There was a time when you used to run across Times Square, quickly weaving in and out of hookers on the stroll. You would see dealers selling drugs. Marijuana, Crack, Whack, Speed, and Smack was dealt out in the open. Every now and then someone would get ripped off and buy the occasional bag of oregano (so I hear) or packet of sugar and a fight would break out. It didn’t matter, cops wouldn’t show up. Various peep shows lined the main strip and had plenty of visitors in and out of their doors. They would advertise with a broken blinking sign that for 50 cents you could see a (dandy) show. Now it feels like that was a hundred years ago. 
Back then you would spend every minute of every day looking over your shoulder to see who or what might be lurking in the shadows. 
Back then, if someone was running towards you, it was usually a sign that they were going to snatch your bag, or stick a knife into you, or worse. These days when someone is running towards you, they are doing just that, running — running towards you wearing sneakers that are probably worth more than your bag. When did jogging become such a big thing? When did working out become such a lifestyle? 
Since this was the ’80s, I had the look of the time. Everything was big and overdone. I had what I would call a “Flock of Seagulls” hairdo, named for a band who was known more by how big their lead singer’s hair was and less for the quality of their music. To achieve this look, I would take a hand full of Dippity Doo hair gel, slop that on my head and pull it into what I can describe as a large unkept birds nest. Then I would spray it with half a can of Aqua Net Hairspray to keep it in place. For clothes I wore t-shirts, leather jackets, and tight pants with a short black boot. I was totally in style.
My first apartment in New York was located in Red Hook, Brooklyn. This was one of the scariest neighborhoods I have ever lived in. My apartment was 36 blocks from the subway and one block from the projects. We shared the building with a taxi service. My roommate was a modern dancer; I almost never saw him. He was always in his room and rarely came out. By rarely, I mean every couple of days or so he would run out to use the bathroom or grab something from the fridge. I would often hear him moving around in his room, but I would rarely see him.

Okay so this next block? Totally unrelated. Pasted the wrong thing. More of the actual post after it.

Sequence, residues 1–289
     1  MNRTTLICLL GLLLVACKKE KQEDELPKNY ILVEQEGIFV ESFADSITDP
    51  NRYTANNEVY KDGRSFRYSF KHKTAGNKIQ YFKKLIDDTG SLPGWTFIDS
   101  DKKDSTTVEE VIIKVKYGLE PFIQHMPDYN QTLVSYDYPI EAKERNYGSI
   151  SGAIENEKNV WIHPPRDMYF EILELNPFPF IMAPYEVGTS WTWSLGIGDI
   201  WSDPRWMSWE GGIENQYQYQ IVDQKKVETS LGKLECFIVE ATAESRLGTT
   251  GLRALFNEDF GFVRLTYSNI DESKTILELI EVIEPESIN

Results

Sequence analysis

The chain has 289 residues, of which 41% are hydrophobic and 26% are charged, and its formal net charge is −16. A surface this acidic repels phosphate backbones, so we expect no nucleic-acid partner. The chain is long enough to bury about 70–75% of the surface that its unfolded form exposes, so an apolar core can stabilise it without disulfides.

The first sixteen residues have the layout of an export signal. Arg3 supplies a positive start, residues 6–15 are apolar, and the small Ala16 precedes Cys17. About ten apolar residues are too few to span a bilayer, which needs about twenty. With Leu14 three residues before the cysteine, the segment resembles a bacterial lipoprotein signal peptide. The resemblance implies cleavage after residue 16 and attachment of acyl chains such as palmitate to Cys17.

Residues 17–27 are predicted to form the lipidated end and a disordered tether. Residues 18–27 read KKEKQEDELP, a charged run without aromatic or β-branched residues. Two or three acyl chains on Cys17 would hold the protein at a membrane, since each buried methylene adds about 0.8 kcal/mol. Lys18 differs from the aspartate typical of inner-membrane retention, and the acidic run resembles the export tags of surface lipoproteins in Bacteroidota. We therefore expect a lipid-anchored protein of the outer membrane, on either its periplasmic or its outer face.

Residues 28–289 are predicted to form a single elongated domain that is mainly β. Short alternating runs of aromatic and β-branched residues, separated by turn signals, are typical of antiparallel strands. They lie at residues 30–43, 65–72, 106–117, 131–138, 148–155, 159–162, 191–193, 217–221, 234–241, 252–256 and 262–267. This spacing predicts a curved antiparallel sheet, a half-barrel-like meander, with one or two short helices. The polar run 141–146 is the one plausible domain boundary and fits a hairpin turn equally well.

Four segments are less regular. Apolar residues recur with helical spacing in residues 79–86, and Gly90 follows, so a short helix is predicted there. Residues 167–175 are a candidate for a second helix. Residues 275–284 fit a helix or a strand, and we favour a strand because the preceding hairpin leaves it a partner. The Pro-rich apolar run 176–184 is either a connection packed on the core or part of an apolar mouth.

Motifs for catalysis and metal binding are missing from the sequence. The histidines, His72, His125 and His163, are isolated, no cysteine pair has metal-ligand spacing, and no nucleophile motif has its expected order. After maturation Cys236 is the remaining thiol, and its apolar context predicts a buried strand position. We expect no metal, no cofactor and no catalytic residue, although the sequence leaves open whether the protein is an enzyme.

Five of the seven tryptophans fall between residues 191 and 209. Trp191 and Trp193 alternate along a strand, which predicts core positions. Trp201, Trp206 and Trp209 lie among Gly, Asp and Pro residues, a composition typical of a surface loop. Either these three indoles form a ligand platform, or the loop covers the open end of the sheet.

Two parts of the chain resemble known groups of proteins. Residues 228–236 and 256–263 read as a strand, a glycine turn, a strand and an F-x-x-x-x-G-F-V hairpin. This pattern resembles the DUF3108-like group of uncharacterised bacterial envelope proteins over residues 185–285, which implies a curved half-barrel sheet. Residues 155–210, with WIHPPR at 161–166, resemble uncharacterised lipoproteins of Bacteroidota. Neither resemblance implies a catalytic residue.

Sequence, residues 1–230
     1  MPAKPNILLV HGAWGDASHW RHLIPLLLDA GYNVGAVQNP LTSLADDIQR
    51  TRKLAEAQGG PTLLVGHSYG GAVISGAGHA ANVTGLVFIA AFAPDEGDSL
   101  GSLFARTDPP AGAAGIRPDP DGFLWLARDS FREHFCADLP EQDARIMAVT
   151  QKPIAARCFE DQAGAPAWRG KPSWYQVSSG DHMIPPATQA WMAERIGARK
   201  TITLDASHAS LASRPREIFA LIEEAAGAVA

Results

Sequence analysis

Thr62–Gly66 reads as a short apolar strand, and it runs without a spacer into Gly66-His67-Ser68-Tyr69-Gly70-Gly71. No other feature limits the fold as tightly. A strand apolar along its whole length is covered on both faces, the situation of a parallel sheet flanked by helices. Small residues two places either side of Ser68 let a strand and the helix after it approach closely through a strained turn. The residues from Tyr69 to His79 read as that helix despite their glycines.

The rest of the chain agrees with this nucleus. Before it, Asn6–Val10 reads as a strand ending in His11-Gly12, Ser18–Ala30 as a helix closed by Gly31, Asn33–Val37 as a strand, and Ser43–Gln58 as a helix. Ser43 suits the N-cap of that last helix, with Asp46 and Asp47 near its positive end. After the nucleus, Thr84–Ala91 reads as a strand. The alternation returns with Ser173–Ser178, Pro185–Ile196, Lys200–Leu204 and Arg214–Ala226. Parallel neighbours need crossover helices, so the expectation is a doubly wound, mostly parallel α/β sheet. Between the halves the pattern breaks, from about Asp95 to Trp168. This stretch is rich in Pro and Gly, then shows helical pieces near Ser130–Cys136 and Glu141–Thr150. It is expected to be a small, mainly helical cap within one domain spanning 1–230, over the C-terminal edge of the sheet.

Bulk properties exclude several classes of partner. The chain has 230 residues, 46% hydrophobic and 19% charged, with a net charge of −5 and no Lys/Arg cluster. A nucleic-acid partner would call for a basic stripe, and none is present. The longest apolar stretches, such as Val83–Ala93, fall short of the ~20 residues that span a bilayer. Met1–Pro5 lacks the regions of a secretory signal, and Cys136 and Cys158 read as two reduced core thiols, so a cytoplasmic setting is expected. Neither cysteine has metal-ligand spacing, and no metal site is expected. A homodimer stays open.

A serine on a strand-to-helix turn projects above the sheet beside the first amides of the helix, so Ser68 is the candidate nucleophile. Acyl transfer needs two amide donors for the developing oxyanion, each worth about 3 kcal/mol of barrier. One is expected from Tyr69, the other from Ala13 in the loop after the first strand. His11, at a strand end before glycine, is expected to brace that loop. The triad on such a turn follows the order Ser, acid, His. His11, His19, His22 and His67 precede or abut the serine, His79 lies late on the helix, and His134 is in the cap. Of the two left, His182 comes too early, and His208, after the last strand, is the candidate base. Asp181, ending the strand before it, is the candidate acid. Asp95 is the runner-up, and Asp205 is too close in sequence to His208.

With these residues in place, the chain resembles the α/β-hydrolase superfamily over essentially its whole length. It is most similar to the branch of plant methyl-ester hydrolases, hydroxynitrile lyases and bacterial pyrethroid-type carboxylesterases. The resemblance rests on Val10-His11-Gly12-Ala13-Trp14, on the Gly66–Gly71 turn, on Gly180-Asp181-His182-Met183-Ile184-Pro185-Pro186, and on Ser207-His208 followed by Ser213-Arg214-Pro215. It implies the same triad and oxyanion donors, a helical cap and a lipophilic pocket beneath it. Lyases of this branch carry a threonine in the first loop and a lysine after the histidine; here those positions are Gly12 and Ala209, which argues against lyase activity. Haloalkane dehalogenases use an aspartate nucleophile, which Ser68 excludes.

I found the apartment through The Village Voice. Turned out it actually belonged to a friend of a friend of a friend, but I found the initial listing in The Village Voice
It was a small two-bedroom with a kitchen, a bath, a park around the corner, and when I showed up, plenty of homeless people lying on my stoop. 
It was a busy neighborhood, and I would see so many people just hanging around, not working. People knew my name without my telling them and would scream greetings to me out the window on my walk to the subway (along with various other phrases). 

Hey! You! Get Out of My Way! Leaving Home Part 15

School went by very quickly that day; it seemed as if everyone knew that I had no place to live. So very many people came forward and offere...